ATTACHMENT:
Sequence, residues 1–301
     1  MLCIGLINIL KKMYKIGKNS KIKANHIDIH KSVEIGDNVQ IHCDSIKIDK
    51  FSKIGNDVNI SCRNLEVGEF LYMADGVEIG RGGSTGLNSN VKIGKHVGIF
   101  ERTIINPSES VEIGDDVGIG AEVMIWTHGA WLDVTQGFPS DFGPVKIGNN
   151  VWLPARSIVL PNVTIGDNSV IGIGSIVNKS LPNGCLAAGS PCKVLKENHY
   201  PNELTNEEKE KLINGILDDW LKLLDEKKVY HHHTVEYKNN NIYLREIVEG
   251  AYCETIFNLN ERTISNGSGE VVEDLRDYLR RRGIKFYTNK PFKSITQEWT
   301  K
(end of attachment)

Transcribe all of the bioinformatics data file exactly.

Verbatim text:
Sequence, residues 1–301
     1  MLCIGLINIL KKMYKIGKNS KIKANHIDIH KSVEIGDNVQ IHCDSIKIDK
    51  FSKIGNDVNI SCRNLEVGEF LYMADGVEIG RGGSTGLNSN VKIGKHVGIF
   101  ERTIINPSES VEIGDDVGIG AEVMIWTHGA WLDVTQGFPS DFGPVKIGNN
   151  VWLPARSIVL PNVTIGDNSV IGIGSIVNKS LPNGCLAAGS PCKVLKENHY
   201  PNELTNEEKE KLINGILDDW LKLLDEKKVY HHHTVEYKNN NIYLREIVEG
   251  AYCETIFNLN ERTISNGSGE VVEDLRDYLR RRGIKFYTNK PFKSITQEWT
   301  K